Missing Links

Saving Latin America

George W. Bush should use a U.S.-Brazil trade deal to jolt Latin America out of its drift toward political morass and economic chaos.

President Bush should invite Brazil’s newly elected president to his ranch in Crawford, Texas, and propose a bilateral economic treaty that the Brazilian leader cannot refuse. Such a deal would, of course, be a huge political gamble for a U.S. president facing plenty of difficulties elsewhere. But the benefits for the two countries and the rest of the Western Hemisphere would be enormous. And the continued failure to reverse some of South America’s current trends poses enormous dangers to the United States.

Bush should offer the next president of Brazil freer access to the U.S. market for Brazilian shoes, sugar, textiles, steel, soybeans, citrus fruits, ethanol, and other products that now face all kinds of import barriers. Such a deal could boost yearly Brazilian exports by up to $5 billion. President Bush should also commit to support Brazil’s macroeconomic stability through the International Monetary Fund (IMF) and other international and U.S. financial institutions and work to dissipate market fears of a catastrophic, Argentina-like debt default. The $30 billion rescue package extended by the IMF to Brazil already provides the foundation for such an offer. Bush should also propose a new bilateral investment treaty designed to spur renewed corporate interest in Brazil. Expectations of growth, stability, and clear rules could easily induce a foreign investment boom to Brazil. Furthermore, the U.S. president should back a major antipoverty program designed by Brazilians and implemented through the World Bank, the Inter-American Development Bank, and the U.S. Agency for International Development. It would be hard for an incoming Brazilian president to refuse such a deal.

In exchange, President Bush should demand that Brazil open market sectors that restrict foreign imports or investors and commit to fiscal and monetary goals designed to ensure economic stability. Moreover, the hemisphere’s two giants should also agree that any other nation in the Americas can join as long as it agrees to liberalize trade, adopt similar targets and policies that promote hemispheric economic stability, and enforce the provisions of the democratic charter of the Organization of American States. Few countries in the region could afford to be excluded from such a deal.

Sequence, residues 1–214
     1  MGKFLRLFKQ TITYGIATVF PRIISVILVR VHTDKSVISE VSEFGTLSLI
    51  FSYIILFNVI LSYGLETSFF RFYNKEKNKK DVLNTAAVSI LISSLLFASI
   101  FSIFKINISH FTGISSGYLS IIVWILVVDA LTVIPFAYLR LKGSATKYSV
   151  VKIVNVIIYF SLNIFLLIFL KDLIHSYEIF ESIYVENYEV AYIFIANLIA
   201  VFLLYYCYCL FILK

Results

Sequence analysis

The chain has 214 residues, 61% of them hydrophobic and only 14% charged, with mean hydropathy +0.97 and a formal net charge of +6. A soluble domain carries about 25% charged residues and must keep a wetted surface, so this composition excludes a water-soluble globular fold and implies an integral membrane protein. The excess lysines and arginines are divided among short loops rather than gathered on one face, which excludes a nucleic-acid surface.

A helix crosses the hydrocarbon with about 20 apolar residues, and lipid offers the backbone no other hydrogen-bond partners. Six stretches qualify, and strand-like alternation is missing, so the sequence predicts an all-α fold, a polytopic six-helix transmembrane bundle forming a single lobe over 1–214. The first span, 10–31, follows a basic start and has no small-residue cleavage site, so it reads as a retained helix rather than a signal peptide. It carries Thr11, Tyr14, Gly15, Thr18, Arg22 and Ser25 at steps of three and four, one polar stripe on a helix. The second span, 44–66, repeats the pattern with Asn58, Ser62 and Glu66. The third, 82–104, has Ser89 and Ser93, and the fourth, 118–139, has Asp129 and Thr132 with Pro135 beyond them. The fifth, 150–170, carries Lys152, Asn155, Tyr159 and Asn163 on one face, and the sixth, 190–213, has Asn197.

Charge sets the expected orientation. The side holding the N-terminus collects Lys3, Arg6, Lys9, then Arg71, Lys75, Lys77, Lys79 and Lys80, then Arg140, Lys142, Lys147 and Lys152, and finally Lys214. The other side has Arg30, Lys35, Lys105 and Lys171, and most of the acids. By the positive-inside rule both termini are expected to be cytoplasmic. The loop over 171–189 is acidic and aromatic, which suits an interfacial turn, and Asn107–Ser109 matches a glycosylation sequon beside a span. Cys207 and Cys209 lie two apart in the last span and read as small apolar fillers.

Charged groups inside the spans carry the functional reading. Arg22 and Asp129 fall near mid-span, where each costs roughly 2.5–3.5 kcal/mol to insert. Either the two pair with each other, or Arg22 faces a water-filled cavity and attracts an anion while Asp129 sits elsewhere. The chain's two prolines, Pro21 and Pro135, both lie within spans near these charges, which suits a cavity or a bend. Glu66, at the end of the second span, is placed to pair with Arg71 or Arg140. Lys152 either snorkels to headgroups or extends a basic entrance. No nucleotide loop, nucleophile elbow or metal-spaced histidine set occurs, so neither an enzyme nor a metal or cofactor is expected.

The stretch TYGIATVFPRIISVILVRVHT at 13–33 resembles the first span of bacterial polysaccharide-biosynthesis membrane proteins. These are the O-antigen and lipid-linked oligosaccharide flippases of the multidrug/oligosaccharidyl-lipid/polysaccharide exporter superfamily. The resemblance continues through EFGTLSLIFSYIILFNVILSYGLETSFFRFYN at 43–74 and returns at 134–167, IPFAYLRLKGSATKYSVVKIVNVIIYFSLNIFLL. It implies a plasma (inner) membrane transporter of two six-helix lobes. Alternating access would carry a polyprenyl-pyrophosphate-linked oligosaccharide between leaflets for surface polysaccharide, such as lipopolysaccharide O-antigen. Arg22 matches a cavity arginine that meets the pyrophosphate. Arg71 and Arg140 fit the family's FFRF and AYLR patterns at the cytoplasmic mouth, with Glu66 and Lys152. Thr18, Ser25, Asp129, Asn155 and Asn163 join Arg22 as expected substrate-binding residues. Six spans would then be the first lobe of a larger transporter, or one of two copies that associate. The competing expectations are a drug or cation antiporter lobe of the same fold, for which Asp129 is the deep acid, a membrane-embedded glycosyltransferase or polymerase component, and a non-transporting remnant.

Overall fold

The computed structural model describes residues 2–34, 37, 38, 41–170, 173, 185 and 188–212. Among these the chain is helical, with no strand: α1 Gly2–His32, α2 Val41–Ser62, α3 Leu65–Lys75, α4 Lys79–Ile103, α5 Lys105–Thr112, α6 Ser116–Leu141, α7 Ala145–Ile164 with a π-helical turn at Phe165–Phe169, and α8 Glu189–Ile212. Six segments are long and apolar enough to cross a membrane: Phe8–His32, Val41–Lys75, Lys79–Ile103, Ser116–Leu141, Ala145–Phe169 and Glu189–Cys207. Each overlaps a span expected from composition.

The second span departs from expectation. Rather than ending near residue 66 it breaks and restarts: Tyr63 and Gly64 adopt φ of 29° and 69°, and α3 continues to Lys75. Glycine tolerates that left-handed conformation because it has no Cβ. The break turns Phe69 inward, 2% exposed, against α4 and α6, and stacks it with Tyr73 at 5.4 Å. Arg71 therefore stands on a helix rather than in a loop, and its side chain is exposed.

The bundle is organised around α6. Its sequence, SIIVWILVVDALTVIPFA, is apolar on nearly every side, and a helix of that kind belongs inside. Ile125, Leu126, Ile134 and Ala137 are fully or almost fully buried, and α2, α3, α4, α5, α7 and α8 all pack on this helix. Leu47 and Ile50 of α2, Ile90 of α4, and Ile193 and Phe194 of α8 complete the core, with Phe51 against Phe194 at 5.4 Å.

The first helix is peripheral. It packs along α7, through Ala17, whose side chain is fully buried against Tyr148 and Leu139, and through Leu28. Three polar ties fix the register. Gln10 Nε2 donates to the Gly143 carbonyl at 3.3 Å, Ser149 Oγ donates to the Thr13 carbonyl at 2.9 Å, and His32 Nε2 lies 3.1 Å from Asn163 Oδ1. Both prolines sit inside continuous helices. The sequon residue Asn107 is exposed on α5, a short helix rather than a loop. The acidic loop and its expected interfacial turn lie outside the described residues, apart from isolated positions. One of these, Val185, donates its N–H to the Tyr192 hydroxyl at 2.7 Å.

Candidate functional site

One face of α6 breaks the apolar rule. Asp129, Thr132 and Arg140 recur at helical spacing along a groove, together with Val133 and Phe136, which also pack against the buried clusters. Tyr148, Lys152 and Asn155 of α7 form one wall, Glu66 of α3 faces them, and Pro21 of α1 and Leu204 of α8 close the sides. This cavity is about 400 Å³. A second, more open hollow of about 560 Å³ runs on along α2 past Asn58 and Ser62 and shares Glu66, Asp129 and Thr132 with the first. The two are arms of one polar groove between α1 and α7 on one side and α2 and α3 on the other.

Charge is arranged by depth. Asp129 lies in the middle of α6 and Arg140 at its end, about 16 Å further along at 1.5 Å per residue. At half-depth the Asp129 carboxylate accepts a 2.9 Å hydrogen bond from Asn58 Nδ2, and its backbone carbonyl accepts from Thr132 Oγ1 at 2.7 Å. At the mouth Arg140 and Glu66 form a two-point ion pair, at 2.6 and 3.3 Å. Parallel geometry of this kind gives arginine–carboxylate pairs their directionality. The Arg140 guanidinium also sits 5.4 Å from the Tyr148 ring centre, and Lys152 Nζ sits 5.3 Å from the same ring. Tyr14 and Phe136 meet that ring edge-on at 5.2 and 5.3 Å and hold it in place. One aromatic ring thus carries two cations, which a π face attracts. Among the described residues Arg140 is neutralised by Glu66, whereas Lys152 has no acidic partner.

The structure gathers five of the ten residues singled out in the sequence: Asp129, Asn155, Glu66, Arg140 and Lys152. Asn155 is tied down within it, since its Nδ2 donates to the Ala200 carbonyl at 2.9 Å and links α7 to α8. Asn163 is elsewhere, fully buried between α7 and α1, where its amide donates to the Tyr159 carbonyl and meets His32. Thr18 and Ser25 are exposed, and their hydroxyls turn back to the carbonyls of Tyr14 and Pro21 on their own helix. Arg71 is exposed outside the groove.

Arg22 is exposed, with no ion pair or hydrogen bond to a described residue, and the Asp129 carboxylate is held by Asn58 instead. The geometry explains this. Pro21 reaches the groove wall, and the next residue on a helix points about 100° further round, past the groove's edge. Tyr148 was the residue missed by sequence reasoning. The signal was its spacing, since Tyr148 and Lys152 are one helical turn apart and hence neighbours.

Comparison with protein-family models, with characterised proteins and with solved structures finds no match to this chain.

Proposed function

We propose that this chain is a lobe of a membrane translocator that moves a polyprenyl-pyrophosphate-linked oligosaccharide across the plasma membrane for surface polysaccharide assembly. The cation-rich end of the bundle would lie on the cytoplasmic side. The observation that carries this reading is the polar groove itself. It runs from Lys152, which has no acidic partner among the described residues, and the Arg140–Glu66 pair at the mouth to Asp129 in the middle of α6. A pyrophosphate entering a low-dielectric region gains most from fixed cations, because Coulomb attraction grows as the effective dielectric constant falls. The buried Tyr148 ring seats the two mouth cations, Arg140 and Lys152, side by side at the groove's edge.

Why should President Bush incite the wrath of U.S. corporations and labor unions now protected from the competition of Brazilian products? Because by now he should have learned how costly and dangerous U.S. disengagement from troubled regions can be. U.S. decisions to ignore Afghanistan’s deterioration in the 1990s and to pull out of the Middle East at the outset of the Bush administration helped make difficult situations desperate, causing their malignancies to spread internationally, and even to reach U.S. shores. Unless a serious, bold initiative creates credible hopes for Latin American voters, politicians, and investors, the Southern Hemisphere’s decay is bound to accelerate, deepen, and threaten the United States in numerous ways. Unlike the situation in Afghanistan, a series of failed nations in Latin America can create manifold nightmares for the United States that its fabled military might cannot neutralize, quarantine, or eliminate.